• Authorized software package download location: URL where the software package file is available for download
  • Embedded digital signature type: PKCS7 object, S/MIME, NONE, etc.
  • Digital Signature File location: URL where the external digital signature file for this software package is located, blank if signature is embedded

Encapsulated Object Data Fields

  • Object Type: text, binary, application, etc.
  • Filename of the encapsulated object
  • SHA256 File Hash of the encapsulated object
  • Source download location: URL where filename of encapsulated object is available for download
  • NON-SOFTWARE OBJECTS ONLY:
    • Source Supplier Name, name of the party that created the encapsulated object
    • Source Supplier ID, using a formally recognized, standard URI
  • ENCAPSULATED SOFTWARE OBJECTS ONLY:
    • Software Source Supplier Name (Licensor of product) (name of the party that created the software package)
    • Software Source Supplier ID, using a formally recognized, standard URI
    • Software Product Name (as assigned by the software supplier)
    • Software Product Version (as assigned by the software supplier) – preferably semantic versioning nomenclature
    • Software Package Build Date and Time in UTC
    • Software Product Commercial Status (beta test, active production, retired, etc.)
    • Software Product Support Status (commercial paid supported,  open source community, unsupported, etc.)
    • Embedded digital signature type: PKCS7 object, S/MIME, NONE, etc.
    • Digital Signature File location: URL where the external digital signature file for this software package is located, blank if signature is embedded

Operational Considerations

  • SBOM artifacts MUST be digitally signed by a party authorized by the software source supplier of a software package object
  • Software customers MUST have a defined, standard method to verify the trust relationship between an SBOM signer and the software supplier of a SBOM, using automation, as part of a digital signature verification process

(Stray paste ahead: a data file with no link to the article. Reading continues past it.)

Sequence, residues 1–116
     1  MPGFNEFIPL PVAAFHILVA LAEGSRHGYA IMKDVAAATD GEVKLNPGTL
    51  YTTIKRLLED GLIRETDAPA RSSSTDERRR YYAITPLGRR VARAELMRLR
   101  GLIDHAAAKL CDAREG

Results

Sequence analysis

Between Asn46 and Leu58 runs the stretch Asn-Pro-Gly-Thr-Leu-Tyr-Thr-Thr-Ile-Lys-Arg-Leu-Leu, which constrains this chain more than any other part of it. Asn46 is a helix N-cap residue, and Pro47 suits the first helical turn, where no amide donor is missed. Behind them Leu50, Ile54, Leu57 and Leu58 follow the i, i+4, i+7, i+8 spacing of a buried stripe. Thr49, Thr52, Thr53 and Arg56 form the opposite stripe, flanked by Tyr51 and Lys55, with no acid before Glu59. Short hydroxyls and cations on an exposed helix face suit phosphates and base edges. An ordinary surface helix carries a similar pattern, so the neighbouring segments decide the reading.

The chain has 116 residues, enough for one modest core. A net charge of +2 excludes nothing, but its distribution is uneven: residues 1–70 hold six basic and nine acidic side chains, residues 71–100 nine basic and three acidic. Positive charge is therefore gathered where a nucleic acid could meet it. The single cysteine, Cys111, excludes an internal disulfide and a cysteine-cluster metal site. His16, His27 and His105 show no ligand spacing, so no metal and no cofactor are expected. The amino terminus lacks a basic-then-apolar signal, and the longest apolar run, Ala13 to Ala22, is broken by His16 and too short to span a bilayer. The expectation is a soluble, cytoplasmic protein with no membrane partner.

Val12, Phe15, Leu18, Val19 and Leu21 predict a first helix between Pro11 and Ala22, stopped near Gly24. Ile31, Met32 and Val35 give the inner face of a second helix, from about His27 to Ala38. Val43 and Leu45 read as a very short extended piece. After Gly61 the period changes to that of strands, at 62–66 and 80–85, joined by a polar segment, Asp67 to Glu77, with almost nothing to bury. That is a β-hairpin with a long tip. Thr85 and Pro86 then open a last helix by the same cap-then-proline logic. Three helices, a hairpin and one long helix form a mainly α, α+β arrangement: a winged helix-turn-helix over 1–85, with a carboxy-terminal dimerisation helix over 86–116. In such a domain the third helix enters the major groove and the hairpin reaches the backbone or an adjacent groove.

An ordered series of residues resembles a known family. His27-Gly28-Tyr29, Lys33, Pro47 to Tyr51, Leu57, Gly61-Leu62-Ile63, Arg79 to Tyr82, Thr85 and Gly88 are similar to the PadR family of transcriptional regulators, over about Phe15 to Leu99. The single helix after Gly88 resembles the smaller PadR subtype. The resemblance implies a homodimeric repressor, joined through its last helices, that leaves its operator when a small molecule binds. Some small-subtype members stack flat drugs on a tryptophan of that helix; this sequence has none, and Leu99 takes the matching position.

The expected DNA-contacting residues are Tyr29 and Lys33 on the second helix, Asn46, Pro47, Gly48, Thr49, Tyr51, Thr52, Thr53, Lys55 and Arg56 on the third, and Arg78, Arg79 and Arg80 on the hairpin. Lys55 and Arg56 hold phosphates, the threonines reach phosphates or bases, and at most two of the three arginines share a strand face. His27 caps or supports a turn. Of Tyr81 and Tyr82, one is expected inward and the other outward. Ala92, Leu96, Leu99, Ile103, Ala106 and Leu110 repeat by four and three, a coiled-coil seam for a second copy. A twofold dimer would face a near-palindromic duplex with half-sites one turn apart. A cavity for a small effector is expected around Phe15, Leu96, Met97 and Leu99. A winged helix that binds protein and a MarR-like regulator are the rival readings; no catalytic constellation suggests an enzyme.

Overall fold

• At a minimum, SBOM files and their digital signature files MUST be accessible via a publicly accessible website, using access control and encryption to protect the confidentiality of the SBOM data
  • Alignment of SBOM data models and content with vulnerability repository service providers, enabling a software customer to search for vulnerabilities based on SBOM contents provided by a source supplier

Automation Support

  • At a minimum SBOM’s must be made available to software customers in the most common NTIA supported SBOM formats and canonical representations, SPDX Tag/Value and CycloneDX XML
  • Identifiers used in an SBOM SHOULD utilize industry standard IANA registered URI schemes as identifiers, i.e. dns:softwareassuranceguardian.com for s software supplier identifier
  • At a minimum SBOM MUST be encoded in the UTF8 format
  • A method is needed to ensure that an SBOM and the software package which it describes exist in an immutable bonded trust relationship that cannot be altered without detection by a software customer

REA thanks NTIA for their consideration of these comments and looks forward to continuing to work with NTIA and other entities to help secure the software supply chain for all, with SBOM as the cornerstone.

.REFERENCES:

[1] https://doi.org/10.6028/NIST.CSWP.01262018

[2]  https://mailarchive.ietf.org/arch/msg/suit/ksrCCvtot-uSs_iTag48ASvE6sA/

[3] https://energycentral.com/c/ec/we-cannot-secure-software-supply-chain-without-sbom

[4] https://energycentral.com/c/ec/who-ya-gonna-trust

[5] https://www.cisa.gov/sites/default/files/publications/defending_against_software_supply_chain_attacks_508_1.pdf

 

Respectfully submitted by,

Dick Brooks

CoFounder and Lead Software Engineer (CTO)